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June 17, 2014
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Eighth wonder of the golf course

CARBONDALE — Tom Carnish doesn’t try to hit a hole-in-one every time he takes to the golf course. That doesn’t keep them from happening, though.

“You try to hit the green, but that’s all you can really hope for,” the 73-year-old Carnish said. “There’s not really anything I can do to explain it. It just happens.”

It’s happened a lot for the longtime member of Aspen Glen Golf Club. Carnish netted his eighth lifetime ace on May 19 — his sixth at the golf course — to add to a bevy of holes-in-one that have spanned more than four decades.

He can remember each ace and how they happened, the days they were on and the clubs he used. Most of them have come at Aspen Glen, where he netted the first of his six aces in 2006.

Each one, he said, feels just as good as the others.

“There’s really not much of a difference in how one feels over the other,” Carnish said. “They all feel good, and I’m thankful for each one of them.”

The hole-in-one is considered one of the most difficult achievements in sports, according to the United States Golf Register. The organization states that the estimated odds of achieving a hole-in-one on any given swing are one in 33,000, with the odds dropping significantly for professional players.

Carnish, who built his home in Aspen Glen in 2000 after retiring from his job at 3M in Pittsburgh, has had lots of chances to play at the golf course — it’s within walking distance of his home. Three of his aces have come on the par-3 eighth hole, including his most recent hole-in-one, which came last month.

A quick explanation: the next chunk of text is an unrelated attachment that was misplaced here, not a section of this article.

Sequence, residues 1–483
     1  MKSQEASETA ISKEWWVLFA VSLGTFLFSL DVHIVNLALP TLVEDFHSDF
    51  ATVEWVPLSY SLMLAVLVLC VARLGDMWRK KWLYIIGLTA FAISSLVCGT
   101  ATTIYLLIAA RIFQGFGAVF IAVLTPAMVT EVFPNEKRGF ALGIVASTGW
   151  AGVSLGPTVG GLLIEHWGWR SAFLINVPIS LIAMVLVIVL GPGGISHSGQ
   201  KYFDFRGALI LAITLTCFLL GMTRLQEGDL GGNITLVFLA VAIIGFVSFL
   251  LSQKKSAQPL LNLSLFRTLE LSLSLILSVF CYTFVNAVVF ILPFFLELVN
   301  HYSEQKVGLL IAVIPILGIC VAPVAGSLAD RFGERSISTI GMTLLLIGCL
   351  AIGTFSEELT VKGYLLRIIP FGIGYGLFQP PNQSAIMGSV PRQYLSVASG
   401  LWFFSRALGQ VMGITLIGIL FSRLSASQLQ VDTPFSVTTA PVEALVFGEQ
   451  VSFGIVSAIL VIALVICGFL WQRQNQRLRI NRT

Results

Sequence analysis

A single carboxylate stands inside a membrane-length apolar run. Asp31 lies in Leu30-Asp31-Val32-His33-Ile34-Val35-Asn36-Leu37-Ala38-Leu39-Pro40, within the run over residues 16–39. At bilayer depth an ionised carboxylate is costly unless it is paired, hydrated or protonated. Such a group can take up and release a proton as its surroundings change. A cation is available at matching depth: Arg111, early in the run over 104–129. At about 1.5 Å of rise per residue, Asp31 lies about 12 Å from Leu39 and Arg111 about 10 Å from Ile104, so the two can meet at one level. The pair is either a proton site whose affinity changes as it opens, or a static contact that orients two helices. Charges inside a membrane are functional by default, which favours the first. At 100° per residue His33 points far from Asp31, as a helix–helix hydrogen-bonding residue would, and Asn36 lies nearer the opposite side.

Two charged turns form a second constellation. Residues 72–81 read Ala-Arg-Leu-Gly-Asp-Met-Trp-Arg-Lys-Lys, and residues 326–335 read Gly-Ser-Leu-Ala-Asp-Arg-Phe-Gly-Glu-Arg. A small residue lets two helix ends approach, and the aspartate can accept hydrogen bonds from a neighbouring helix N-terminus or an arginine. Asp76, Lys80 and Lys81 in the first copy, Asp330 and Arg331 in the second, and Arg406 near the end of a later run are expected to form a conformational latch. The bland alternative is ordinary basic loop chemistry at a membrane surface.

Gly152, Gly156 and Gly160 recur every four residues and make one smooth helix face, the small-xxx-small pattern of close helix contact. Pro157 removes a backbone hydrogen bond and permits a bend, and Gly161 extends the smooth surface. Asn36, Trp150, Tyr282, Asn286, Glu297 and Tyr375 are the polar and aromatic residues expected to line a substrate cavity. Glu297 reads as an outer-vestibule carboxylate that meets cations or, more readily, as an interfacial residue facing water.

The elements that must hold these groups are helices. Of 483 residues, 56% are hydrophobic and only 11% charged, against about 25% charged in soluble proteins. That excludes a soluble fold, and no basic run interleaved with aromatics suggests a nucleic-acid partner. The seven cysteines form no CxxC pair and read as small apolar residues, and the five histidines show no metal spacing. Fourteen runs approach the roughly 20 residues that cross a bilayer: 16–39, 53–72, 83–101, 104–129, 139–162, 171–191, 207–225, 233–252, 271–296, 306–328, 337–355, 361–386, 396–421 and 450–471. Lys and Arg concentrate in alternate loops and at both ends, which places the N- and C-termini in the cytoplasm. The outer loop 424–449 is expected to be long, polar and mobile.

The two he hit before moving into the Roaring Fork Valley, however, didn’t even happen in Colorado. And he didn’t even see his first one, which came in 1969 at Durant Country Club in Durant, Okla.

“I was playing in a tournament and there was a gallery surrounding the hole,” Carnish said of the shot that came from 190 yards away. “It wasn’t until everyone started cheering that I realized what happened.”

His second one came during a torrential downpour from close to 180 yards at Edina Country Club in Minnesota in 1984. It wasn’t until Sept. 21, 2006 — 22 years later — that he used a 5-iron to ace the par-3 fourth hole at Aspen Glen.

They started piling up after that. He aced hole No. 8 at Aspen Glen twice in 2008 — once on May 15 and again on Aug. 7. Ace No. 6 came on hole No. 4 on Aug. 12, 2010, and he carded another hole-in-one almost one year later on Aug. 14, 2011, on hole No. 14.

Then came the one last month — the ball went into the cup on a single bounce from 135 yards away. And as great as that was for Carnish, he still has one more at the club he hopes is in reach.

“It’s No. 11,” Carnish said of the fourth par-3 hole at the course. “It’s on my bucket list!”

Carnish has been given a commemorative plaque from Aspen Glen for each one of the aces he’s recorded at the course. But one of the club members, John Benzel, has recorded 15 aces in his lifetime.

“He jokes with me all the time, saying ‘you’ll never catch me,’” Carnish said. “But I have the most here. That means something, too.”


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The Post Independent Updated Jun 17, 2014 09:38PM Published Jun 18, 2014 10:08PM Copyright 2014 The Post Independent. All rights reserved. This material may not be published, broadcast, rewritten or redistributed.